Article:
Document Detail


Bile acid patterns in meconium are influenced by cholestasis of pregnancy and not altered by ursodeoxycholic acid treatment.
MedLine Citation:
PMID:  10446117     Owner:  NLM     Status:  MEDLINE    
Abstract/OtherAbstract:
BACKGROUND: Data on meconium bile acid composition in newborn babies of patients with intrahepatic cholestasis of pregnancy (ICP) are relatively scant, and changes that occur on ursodeoxycholic acid (UDCA) administration have not been evaluated. AIMS: To investigate bile acid profiles in meconium of neonates from untreated and UDCA treated patients with ICP. Maternal serum bile acid composition was also analysed both at diagnosis and delivery to determine whether this influences the concentration and proportion of bile acids in the meconium. PATIENTS/METHODS: The population included eight healthy pregnant women and 16 patients with ICP, nine of which received UDCA (12.5-15.0 mg/kg body weight/day) for 15+/-4 days until parturition. Bile acids were assessed in the meconium by gas chromatography-mass spectrometry and in maternal serum by high performance liquid chromatography. RESULTS: Total bile acid and cholic acid concentrations in the meconium were increased (p<0.01) in newborns from patients with ICP (13.5 (5.1) and 8.4 (4.1) micromol/g respectively; mean (SEM)) as compared with controls (2.0 (0.5) and 0.8 (0.3) micromol/g respectively), reflecting the total bile acid and cholic acid levels in the maternal serum (r = 0.85 and r = 0.84, p<0.01). After UDCA administration, total bile acid concentrations decreased in the mother ( approximately 3-fold, p<0. 05) but not in the meconium. UDCA concentration in the meconium showed only a 2-fold increase after treatment, despite the much greater increase in the maternal serum (p<0.01). Lithocholic acid concentration in the meconium was not increased by UDCA treatment. CONCLUSIONS: UDCA administration does not influence the concentration and proportion of bile acids in the meconium, which in turn are altered by ICP. Moreover, this beneficial treatment for the mother does not increase meconium levels of potentially toxic metabolites of UDCA such as lithocholic acid.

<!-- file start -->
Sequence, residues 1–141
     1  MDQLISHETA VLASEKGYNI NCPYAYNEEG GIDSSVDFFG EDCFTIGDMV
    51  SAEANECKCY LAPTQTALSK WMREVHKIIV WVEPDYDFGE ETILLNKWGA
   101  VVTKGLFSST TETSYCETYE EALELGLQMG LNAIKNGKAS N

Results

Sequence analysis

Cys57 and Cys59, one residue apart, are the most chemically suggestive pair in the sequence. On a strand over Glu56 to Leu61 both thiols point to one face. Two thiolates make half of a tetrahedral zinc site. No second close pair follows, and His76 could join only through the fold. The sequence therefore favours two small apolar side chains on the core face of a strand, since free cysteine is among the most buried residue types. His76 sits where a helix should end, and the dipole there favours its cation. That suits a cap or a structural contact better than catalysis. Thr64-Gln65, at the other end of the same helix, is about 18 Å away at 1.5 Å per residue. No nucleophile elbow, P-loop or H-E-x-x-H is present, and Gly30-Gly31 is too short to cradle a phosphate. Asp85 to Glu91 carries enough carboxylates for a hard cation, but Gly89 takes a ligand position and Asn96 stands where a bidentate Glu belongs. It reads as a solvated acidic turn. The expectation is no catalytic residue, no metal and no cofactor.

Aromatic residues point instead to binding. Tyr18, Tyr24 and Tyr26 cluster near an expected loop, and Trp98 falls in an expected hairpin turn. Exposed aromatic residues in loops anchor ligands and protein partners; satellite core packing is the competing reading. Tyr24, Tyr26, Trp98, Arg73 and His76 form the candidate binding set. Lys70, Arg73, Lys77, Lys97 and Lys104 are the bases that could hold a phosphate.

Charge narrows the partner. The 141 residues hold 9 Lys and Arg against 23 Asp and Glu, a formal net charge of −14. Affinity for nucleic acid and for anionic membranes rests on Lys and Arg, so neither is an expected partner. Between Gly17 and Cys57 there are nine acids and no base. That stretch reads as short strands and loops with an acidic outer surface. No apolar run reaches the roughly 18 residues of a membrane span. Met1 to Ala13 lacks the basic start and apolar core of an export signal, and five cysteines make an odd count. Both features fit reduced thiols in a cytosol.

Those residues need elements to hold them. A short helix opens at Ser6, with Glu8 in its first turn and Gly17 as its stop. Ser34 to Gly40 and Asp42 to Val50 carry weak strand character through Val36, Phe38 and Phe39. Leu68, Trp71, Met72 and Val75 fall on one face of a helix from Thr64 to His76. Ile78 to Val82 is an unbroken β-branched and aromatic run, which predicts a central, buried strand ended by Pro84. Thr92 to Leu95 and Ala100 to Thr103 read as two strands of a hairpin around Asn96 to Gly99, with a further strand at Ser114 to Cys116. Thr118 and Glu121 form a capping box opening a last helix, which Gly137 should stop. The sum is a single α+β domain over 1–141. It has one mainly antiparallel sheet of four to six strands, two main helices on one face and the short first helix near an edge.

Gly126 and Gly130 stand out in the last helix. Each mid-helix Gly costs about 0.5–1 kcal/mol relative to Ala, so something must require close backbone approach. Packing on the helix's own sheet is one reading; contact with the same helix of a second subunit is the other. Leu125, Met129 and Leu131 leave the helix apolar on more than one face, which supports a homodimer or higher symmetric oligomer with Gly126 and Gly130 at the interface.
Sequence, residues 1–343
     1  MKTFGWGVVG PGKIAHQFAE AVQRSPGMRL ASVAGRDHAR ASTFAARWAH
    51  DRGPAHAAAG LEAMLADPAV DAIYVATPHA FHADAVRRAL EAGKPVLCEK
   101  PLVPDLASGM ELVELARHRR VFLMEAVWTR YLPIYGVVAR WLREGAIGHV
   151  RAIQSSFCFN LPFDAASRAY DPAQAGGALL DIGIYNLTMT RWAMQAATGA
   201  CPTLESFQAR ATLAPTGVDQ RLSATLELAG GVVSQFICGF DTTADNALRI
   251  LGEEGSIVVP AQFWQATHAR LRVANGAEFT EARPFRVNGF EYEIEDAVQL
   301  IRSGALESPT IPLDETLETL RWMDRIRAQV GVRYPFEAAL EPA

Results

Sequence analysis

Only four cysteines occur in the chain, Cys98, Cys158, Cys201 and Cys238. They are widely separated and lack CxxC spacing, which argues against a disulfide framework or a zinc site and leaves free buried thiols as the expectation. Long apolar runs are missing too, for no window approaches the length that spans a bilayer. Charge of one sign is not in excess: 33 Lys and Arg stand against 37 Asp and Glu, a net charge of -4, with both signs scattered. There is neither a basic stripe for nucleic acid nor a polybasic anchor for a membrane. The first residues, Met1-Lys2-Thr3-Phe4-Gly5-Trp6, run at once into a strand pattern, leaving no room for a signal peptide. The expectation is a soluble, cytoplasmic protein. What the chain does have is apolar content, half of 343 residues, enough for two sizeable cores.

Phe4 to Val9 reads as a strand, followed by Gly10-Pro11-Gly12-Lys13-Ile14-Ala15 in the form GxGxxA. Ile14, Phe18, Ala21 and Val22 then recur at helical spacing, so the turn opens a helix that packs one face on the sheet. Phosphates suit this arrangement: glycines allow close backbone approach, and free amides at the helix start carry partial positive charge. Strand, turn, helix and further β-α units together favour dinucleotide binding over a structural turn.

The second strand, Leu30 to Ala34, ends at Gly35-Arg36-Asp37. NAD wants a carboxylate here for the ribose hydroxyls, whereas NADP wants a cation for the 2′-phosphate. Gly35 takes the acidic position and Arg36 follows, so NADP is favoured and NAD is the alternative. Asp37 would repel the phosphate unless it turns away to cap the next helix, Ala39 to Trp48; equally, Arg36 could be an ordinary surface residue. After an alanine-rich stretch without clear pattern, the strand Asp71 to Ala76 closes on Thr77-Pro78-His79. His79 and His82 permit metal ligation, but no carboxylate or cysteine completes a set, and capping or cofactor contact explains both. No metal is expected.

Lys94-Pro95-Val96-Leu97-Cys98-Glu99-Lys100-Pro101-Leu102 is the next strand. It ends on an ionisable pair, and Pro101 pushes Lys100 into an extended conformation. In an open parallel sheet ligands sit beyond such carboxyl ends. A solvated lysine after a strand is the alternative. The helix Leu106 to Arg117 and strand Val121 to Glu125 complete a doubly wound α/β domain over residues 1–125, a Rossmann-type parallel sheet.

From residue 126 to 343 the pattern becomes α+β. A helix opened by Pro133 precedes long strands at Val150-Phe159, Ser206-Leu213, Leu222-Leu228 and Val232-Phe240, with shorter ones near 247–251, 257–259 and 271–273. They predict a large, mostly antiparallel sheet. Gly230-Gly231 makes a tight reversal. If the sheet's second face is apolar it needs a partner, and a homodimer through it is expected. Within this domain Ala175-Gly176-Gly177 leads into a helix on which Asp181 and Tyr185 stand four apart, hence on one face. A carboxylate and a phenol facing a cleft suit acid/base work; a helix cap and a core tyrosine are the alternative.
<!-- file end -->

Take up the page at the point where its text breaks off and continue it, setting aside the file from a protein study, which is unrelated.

Authors:
C M Rodrigues; J J Marín; D Brites
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Publication Detail:
Type:  Journal Article; Research Support, Non-U.S. Gov't    
Journal Detail:
Title:  Gut     Volume:  45     ISSN:  0017-5749     ISO Abbreviation:  Gut     Publication Date:  1999 Sep 
Date Detail:
Created Date:  1999-09-28     Completed Date:  1999-09-28     Revised Date:  2009-11-18    
Medline Journal Info:
Nlm Unique ID:  2985108R     Medline TA:  Gut     Country:  ENGLAND    
Other Details:
Languages:  eng     Pagination:  446-52     Citation Subset:  AIM; IM    
Affiliation:
Centro de Patogénese Molecular, Faculdade de Farmácia, University of Lisbon, Portugal.
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MeSH Terms
Descriptor/Qualifier:
Bile Acids and Salts / blood,  metabolism*
Cholagogues and Choleretics / therapeutic use*
Cholestasis, Intrahepatic / drug therapy,  metabolism*
Cholic Acid / blood,  metabolism
Female
Humans
Infant, Newborn
Maternal-Fetal Exchange
Meconium / metabolism*
Pregnancy
Pregnancy Complications / drug therapy,  metabolism*
Ursodeoxycholic Acid / therapeutic use*
Chemical
Reg. No./Substance:
0/Bile Acids and Salts; 0/Cholagogues and Choleretics; 128-13-2/Ursodeoxycholic Acid; 81-25-4/Cholic Acid
Comments/Corrections
Comment In:
Gut. 1999 Sep;45(3):331-2   [PMID:  10446097 ]

From MEDLINE®/PubMed®, a database of the U.S. National Library of Medicine


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